As a pro-abortion advocate, I believe that any abortion is a good thing, no matter what the purpose is, even if it’s motivated by hatred of women. Would I rather people didn’t hate women? Yes, but only radical feminism can provide any situation to that state of affairs. Conservatives have no answer to the hatred of women, since they deny its causes.

9. When you say “Teach men not to rape” are you meaning to imply that men have been, in the past, taught TO rape, or that men are the only people capable of rape (Mary-Kay Letourneau, anyone?)?

Another unoriginal argument, this time of the “women do it too” variety. Yes, women can rape too. So what? There is nothing in the concept of rape culture which implies that only men can rape. Likewise, we also live in a death culture, but there are also people who are compassionate and who don’t promote violence. Not many people, but they do exist. Any culture necessarily has dissidents, otherwise it’s a cult dogma, not a culture. There is a difference.

By the same vein, men are not explicitly taught how to rape. There is no one out there except PUAs going “here are the steps you need to follow to coerce a woman into sex,” but even most PUAs are more coy about it than that. Men are taught the mindset that tells them sex with women is necessary, allows them to see coercive sex as acceptable, and are taught the means by which they can bring it about. No one needs to tell young men how to rape because they can add it all together fairly easily.

When we say “teach men not to rape,” we mean to imply that when a man rapes a woman, the man is responsible for the act, not the woman. For any other crime, this is implied and generally agreed upon. Few people blame the victim of an assault, a theft, or a kidnapping. We do not teach potential victims of assault, theft, or kidnapping that they are to blame if they are actually targeted, or that being victimized is a moral failing. To do so would be laughable. It is equally laughable to do it in the case of rape.

10. Do you really think the original feminists, the women who fought for the right to vote, would be proud of you fighting for the right to bare your lady parts, abort your children and shame men into submission like you claim they would?

I don’t think the author has much insight into the minds of first wave feminists, since she doesn’t seem to know anything about the development of feminist thought at all. I know nothing about their psychology, and so I really have no idea if they would be proud of breastfeeding, abortion, or BDSM (I’m not sure what the “shame men into submission” is supposed to refer to, so I assume it has to do with that pet liberal feminist cause).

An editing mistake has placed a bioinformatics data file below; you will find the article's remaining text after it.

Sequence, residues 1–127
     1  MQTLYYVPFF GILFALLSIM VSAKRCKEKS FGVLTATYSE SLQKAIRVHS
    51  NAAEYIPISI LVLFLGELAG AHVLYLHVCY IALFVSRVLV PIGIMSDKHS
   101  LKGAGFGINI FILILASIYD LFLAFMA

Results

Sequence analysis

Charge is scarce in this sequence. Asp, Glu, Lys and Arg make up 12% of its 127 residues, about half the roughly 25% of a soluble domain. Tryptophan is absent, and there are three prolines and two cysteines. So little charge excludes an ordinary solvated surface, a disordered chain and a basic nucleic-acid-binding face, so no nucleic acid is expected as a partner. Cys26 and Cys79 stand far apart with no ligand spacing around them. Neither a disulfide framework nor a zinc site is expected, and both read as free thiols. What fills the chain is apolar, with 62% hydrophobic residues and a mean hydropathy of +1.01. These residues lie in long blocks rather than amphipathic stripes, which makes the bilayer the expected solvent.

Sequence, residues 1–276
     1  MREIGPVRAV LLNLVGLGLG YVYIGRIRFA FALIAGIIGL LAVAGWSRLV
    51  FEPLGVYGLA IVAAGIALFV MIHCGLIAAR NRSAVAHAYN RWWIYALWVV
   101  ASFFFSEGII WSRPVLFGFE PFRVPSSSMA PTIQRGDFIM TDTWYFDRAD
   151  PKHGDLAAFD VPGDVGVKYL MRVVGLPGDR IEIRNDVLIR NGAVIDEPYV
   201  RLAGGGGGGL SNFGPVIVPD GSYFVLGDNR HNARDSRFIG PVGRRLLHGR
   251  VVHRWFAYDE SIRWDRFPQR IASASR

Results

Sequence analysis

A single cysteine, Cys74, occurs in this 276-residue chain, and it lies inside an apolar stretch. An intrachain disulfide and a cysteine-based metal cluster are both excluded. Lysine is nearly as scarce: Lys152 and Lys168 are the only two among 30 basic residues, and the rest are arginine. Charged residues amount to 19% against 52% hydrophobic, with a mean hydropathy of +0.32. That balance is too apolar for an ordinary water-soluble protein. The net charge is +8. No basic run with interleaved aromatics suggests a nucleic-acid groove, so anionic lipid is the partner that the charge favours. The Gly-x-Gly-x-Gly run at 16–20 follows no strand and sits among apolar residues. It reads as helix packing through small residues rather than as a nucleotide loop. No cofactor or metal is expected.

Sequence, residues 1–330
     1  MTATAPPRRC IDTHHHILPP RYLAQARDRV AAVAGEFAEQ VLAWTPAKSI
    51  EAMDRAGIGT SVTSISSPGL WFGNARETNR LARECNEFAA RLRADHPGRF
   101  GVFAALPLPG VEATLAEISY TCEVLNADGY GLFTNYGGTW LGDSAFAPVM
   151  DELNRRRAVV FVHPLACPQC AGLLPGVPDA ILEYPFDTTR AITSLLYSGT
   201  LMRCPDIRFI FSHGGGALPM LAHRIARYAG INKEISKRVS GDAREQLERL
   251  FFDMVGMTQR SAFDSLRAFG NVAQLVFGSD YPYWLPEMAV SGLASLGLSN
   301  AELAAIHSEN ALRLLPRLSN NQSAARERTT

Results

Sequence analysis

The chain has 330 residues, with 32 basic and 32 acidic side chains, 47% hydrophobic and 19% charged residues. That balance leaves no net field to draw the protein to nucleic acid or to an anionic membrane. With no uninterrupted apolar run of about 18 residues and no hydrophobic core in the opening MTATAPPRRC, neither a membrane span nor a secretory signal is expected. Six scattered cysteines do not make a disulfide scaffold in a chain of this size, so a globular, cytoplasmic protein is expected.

A more important question would be: should WE be proud of it? Taking a historical view, first and second wave feminism were movements that aimed at removing oppression, and therefore they were on the right side of history. Liberal feminists and anti-feminists are on the wrong side of history. I don’t think we should be proud of the mainstream acceptance of BDSM, because it is a step backwards in feminist thought, but I do think we should be proud of the growing acceptance of breastfeeding in public and of abortion rights, as these advance women’s well-being against patriarchal objectification. Conservatives demand that we see women as walking incubators and inherently dirty bodies. We must reject these views as backwards, and I certainly don’t think anyone should be proud of them. The fact that any human being would be proud of such views is the really shameful thing here.

4 thoughts on “Questions for radical feminists by Future Female Leaders

  1. purplesagefem October 27, 2017 at 05:44

    Well this was entertaining. This author apparently goes to Yale. If that’s true, I’d say that higher education has really gone downhill.

    • Francois Tremblay October 27, 2017 at 14:21

      Ha ha ha yeah… glad you liked it at least

  2. Dogtowner October 30, 2017 at 11:25

    Hi, Francois, saw your comment on purplesagefem about being confused about “gun types.” What do you find confusing? Do you have another essay where you address this? I’ll try to check back. It’s the last week of the Five Year Plan so the peasants are busy cleaning up the gardens, fertilizing the blueberries, painting, stacking wood, etc. I’m only online today because we had a big storm.

    • Francois Tremblay October 30, 2017 at 14:27

      It was a joke. Sorry it didn’t land. :I